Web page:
From tackling one of the world’s most pressing policy problems, to taking her place at one of the world’s leading institutions, Harvard, Angela Winkle’s career is going from strength to strength.
After graduating from ANU with a Master of Climate Change, Winkle never dreamed her next step would be a scholarship to the Ivy League university to study a Master of Business Administration.
Winkle was the recipient of the ANU Menzies Scholarship. The scholarship is awarded based on qualities of intellect, leadership, breadth of vision and, the primary objective, to make a significant contribution to Australia’s development.
The scholarship will see Winkle pursue her academic interests of carbon financing and promoting women in leadership roles.
Securing the prestigious award wasn’t easy for the Master of Climate Change (MCC) graduate who credits her success to a lot of determination, hard work and many late nights.
Before studying for the Master of Climate Change, Winkle was an architect, and since graduating she joined management-consulting firm McKinsey and Company.
The scholar comes from a family of judges, lawyers, doctors and human right advocates. She says she wants to create social progress at the intersection of social innovation and big business.
She’s focused on increasing the number of women in leadership, a decision catalysed “first by experiencing the entrenched boys club in the construction industry and then the staggering drop-off in women’s representation in the business world - from 60 per cent of graduates to three per cent of CEOs,” said Winkle.
Her passion to focus on leadership developed after working with the Male Champions of Change, a group of Australia’s leading CEOs working together to address women’s representation.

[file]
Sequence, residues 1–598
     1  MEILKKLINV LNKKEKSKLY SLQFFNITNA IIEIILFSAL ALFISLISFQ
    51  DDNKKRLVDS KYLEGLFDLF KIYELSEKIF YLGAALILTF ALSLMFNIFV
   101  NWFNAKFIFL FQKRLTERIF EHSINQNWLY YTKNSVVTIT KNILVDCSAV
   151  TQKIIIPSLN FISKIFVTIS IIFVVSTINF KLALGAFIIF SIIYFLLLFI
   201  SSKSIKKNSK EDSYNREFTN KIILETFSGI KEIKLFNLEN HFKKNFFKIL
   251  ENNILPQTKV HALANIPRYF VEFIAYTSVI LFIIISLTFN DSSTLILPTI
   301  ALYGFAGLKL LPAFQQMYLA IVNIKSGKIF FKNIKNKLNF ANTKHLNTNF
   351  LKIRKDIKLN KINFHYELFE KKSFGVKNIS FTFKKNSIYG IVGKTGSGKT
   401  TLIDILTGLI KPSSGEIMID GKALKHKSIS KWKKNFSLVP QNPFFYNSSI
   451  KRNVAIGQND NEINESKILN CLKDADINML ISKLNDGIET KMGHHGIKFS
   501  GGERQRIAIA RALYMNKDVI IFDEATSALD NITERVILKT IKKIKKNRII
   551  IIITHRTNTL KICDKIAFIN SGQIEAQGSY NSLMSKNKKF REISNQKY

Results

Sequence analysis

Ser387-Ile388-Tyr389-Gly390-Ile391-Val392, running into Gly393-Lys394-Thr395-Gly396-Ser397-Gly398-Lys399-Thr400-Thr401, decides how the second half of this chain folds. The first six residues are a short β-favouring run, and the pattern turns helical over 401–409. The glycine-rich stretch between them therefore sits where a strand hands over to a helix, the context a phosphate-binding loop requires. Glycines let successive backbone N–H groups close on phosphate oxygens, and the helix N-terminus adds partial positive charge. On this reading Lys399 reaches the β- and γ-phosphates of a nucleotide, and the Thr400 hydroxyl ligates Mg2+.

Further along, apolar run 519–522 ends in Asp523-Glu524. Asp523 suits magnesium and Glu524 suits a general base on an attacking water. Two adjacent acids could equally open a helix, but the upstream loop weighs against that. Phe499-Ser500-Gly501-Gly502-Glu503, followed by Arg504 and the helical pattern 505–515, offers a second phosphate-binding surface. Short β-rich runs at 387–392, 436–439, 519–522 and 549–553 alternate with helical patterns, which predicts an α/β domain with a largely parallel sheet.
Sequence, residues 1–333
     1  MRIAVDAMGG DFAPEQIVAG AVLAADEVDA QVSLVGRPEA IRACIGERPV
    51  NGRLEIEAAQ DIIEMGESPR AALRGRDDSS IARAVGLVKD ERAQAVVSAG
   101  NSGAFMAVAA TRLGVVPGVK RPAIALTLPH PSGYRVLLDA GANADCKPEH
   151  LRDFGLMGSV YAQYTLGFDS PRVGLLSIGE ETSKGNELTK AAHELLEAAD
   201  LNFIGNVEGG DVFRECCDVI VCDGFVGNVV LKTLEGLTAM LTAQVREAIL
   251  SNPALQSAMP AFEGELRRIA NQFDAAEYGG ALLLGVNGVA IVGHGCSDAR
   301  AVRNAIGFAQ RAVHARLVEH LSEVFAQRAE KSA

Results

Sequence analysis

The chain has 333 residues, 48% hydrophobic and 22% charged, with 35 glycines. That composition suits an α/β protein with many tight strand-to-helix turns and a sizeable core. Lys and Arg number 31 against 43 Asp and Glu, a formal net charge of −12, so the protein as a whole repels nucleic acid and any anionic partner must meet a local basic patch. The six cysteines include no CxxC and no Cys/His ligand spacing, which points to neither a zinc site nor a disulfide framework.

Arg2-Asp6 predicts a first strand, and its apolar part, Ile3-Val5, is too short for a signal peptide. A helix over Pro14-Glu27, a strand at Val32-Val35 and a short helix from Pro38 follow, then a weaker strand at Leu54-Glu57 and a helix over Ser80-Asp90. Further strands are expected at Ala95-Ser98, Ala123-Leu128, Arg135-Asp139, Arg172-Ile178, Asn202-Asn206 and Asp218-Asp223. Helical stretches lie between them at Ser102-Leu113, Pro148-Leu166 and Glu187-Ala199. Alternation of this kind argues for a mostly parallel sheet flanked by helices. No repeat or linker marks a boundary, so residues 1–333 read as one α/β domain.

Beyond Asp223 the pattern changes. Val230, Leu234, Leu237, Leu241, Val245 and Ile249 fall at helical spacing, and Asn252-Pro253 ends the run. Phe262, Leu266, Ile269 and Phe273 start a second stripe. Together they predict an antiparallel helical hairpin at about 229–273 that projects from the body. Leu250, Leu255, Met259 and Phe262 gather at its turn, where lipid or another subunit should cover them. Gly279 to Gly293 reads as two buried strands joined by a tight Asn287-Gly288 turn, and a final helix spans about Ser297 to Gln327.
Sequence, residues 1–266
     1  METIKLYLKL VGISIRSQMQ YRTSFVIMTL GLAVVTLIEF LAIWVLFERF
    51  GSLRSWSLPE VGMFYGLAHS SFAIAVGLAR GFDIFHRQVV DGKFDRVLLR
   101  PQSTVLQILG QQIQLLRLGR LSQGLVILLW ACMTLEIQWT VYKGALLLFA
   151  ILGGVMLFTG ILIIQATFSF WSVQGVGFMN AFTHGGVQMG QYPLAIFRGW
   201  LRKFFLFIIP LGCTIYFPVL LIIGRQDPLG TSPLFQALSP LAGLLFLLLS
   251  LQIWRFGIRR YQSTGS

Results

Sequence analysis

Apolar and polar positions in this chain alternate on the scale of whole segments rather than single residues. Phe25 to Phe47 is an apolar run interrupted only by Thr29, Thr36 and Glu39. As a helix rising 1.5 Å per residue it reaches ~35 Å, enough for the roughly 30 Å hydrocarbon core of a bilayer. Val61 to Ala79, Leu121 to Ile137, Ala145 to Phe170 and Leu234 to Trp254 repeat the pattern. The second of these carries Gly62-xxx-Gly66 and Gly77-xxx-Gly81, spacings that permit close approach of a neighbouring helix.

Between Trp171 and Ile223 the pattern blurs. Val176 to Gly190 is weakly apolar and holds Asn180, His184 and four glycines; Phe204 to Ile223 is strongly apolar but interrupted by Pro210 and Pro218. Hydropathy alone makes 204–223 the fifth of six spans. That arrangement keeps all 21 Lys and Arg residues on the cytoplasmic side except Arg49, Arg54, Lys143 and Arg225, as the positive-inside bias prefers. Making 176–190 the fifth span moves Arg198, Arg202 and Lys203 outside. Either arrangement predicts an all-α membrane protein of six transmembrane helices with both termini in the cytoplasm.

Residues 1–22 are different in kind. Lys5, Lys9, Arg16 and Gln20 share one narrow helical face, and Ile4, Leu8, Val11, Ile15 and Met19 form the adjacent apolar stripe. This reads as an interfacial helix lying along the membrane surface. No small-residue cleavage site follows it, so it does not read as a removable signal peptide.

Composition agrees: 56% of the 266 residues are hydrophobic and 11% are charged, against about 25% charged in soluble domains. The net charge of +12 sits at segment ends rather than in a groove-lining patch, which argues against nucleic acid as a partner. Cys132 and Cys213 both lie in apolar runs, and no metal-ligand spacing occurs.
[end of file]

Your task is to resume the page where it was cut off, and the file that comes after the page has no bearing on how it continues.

Winkle’s desire to create change in women’s leadership and carbon finance highlights her passion to be an effective leader.
“My aspiration is to be a global thought leader in the area of climate finance - helping governments, not-for-profits and businesses make pragmatic shifts to a low-carbon economy.
“I want to be a leader in a somewhat fraught industry, which means I need to be a leader who can inspire others to act on complex and ingrained challenges,” said Winkle.
While at Crawford School of Public Policy at ANU, the scholar also received the Ross Garnaut prize and says she found her time at the school invaluable.
“The MCC really opened my eyes to the economic and international challenges that need to be addressed. It became clear to me how much depends on the actions of the businesses that make up the economy.
“The MCC was the perfect answer with a good mix of policy, economics, development and environmental courses. Once I found what I was looking for, it was easy to dive-in with such a great faculty,” said Winkle.
Winkle is headed to Boston in August and will be there until 2016. She hopes to find some time away from the books to soak in Boston’s culture and find the best clam chowder New England has to offer.